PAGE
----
“If a piece of iron could speak, what could it say of itself? ‘I am black; I am cold; I am hard.’ But put it in the furnace, and what a change takes place! It has not ceased to be iron; but the blackness is gone, and the coldness is gone, and the hardness is gone! It has entered into a new experience. The fire and the iron are still distinct, and yet how complete is the union–they are one. If the iron could speak, it could not glory in itself, but in the fire that makes and keeps it a bright and glowing mass. So must it be with the believer. Do you ask him what he is in himself? ‘I am carnal, sold under sin.’ [Rom 7:14]. For left to himself, this inevitably follows; he is brought into captivity to the law of sin which is in his members. But it is his privilege to enter into fellowship with Christ, and in Him to abide. And there, in Him, who is our life, our purity, and our power–in Him, whose Spirit can penetrate into every part of our being–the believer is no longer carnal, but spiritual; no longer overcome by sin and brought into captivity, but set free from the law of sin and death and preserved in a condition of deliverance. This blessed experience of emancipation from sin’s service and power implies a momentary and continuous act of abiding.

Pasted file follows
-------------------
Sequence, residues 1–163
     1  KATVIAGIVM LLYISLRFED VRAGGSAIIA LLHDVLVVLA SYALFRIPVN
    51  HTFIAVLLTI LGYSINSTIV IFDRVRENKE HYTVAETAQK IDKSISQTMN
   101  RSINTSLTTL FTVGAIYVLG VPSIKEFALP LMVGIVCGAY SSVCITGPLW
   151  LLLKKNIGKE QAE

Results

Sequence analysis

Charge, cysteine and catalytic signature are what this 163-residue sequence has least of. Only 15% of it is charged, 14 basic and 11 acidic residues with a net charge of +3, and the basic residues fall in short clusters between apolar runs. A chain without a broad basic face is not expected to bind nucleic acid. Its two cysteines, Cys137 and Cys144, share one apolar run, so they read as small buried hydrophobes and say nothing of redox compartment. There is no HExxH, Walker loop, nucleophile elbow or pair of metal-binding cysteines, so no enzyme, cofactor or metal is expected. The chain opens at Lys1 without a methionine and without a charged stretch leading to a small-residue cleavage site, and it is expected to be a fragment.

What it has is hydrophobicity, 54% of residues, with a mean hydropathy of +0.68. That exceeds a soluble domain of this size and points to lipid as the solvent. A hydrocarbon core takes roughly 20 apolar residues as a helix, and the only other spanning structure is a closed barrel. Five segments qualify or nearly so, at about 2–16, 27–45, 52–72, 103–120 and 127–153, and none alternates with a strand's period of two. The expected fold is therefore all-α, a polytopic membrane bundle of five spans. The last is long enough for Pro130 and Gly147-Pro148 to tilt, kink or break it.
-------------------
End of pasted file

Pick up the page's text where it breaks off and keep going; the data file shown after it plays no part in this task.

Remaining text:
Christ’s call to abide in Him is in the present tense; it involves a moment by moment dependence on Him. Some look for freedom and victory as phenomenon to experience or a state at which to arrive. Instead, abiding is a relationship to cultivate, a condition to be maintained.